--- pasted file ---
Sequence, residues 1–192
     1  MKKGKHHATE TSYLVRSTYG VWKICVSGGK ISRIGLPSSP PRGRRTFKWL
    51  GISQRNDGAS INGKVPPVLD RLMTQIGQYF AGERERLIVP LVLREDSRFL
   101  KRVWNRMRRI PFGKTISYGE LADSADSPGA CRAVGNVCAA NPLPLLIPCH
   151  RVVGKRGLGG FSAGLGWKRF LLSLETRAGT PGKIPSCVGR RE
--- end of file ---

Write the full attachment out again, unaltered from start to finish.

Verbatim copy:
Sequence, residues 1–192
     1  MKKGKHHATE TSYLVRSTYG VWKICVSGGK ISRIGLPSSP PRGRRTFKWL
    51  GISQRNDGAS INGKVPPVLD RLMTQIGQYF AGERERLIVP LVLREDSRFL
   101  KRVWNRMRRI PFGKTISYGE LADSADSPGA CRAVGNVCAA NPLPLLIPCH
   151  RVVGKRGLGG FSAGLGWKRF LLSLETRAGT PGKIPSCVGR RE